John Trasviña, Assistant Secretary for Fair Housing and Equal Opportunity, testified on the importance of funding HUD’s fair housing programs as well as HUD’s success in increasing compliance with Section 3. HUD's Section 3 program requires recipients of HUD funding to provide job training, employment, and contract opportunities to low and very low income residents and businesses, to the greatest extent feasible. He shared that in the last reporting period, almost half of new jobs generated through HUD contracts went to residents who are intended to benefit from Section 3. He also discussed HUD’s work with cities to develop registries to promote Section 3 and HUD’s progress on developing a new Section 3 rule.
Representative Gary Miller (R-CA) said he believes it is not feasible for the federal government to continue funding TBRA (housing vouchers) without reforms. He congratulated HUD staff for including policies such as increasing minimum rents for tenants and merging the public housing capital and operating fund in the FY13 budget request. He also wants further policy changes, including expansion of the Moving to Work (MTW) program.
Representative Robert Hurt (R-VA) asked each of the assistant secretaries to answer the question: “Why can’t Washington spend 1% less than last year?” Ms. Galante responded that HUD has proposed cutting spending, including $400 to $500 million from the PBRA account, and savings through policy provisions that would reduce costs. She also explained how HUD’s programs act as a safety net for households that experience decreases in their incomes. Consequentially, as household incomes decrease, HUD’s costs for providing housing increase.
Ms. Henriquez said that HUD’s funding for Homeless Assistance Grants reduce the number of homeless individuals and homeless veterans living on the street, which generates significant costs for the government. Ms. Marquez pointed out that HUD’s budget is 7.3% below the FY12 level. She said that in preparing its budget, HUD decreased program funding, streamlined and made sacrifices. Mr. Trasviña said that HUD funds are not just going to program infrastructure but are in fact going to the people of this country through contract dollars and jobs.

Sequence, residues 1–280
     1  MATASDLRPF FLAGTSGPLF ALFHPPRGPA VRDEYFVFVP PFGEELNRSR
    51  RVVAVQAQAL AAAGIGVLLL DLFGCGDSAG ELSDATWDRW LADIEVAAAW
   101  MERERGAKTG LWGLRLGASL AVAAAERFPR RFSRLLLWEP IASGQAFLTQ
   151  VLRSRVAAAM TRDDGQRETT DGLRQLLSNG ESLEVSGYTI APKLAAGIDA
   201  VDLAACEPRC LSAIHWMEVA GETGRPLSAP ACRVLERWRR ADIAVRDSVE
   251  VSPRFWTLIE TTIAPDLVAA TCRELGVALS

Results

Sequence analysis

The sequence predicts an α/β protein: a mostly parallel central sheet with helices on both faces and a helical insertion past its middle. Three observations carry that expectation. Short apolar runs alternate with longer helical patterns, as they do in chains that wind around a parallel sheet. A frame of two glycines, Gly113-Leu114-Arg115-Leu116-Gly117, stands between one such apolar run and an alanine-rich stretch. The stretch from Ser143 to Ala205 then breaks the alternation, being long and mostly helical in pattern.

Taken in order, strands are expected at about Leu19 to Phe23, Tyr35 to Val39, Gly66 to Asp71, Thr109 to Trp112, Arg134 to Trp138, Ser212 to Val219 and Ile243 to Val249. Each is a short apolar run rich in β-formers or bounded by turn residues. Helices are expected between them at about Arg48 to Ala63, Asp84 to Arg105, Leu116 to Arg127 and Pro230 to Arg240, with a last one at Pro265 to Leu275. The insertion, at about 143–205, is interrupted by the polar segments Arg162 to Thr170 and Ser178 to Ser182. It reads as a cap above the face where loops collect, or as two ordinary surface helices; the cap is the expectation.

Representative Maxine Waters (D-CA) criticized HUD’s proposal to under-fund the Project Based Rental Assistance (PBRA) account and issue short-term contracts to property owners. She reminded the witnesses that short funding contracts was tried by the last Presidential administration and didn’t end well. Ms. Galante responded that this was a very difficult decision for HUD but that HUD is confident that it can manage payments to owners. Ms. Galante asserted that HUD didn’t have the flexibility or space in the budget to provide full year funding.
The House will continue its FY13 appropriations work the week March 5. The House Committee on Financial Services will hold a hearing on its “Budget Views and Estimates” on March 6 at 2 pm in room 2128 of the House Rayburn office building. The “Budget Views and Estimates” is a document that provides a detailed response from the Committee to the President’s proposed budget and policies.
The House Appropriations Subcommittee on Transportation, Housing and Urban Development, and Related Agencies (THUD) will hold a hearing on March 21 at 10 am in room 2358 of the Rayburn House office building. HUD Secretary Shaun Donovan will testify at the Subcommittee hearing.
View the assistant secretaries’ testimony: http://financialservices.house.gov/Calendar/EventSingle.aspx?EventID=281188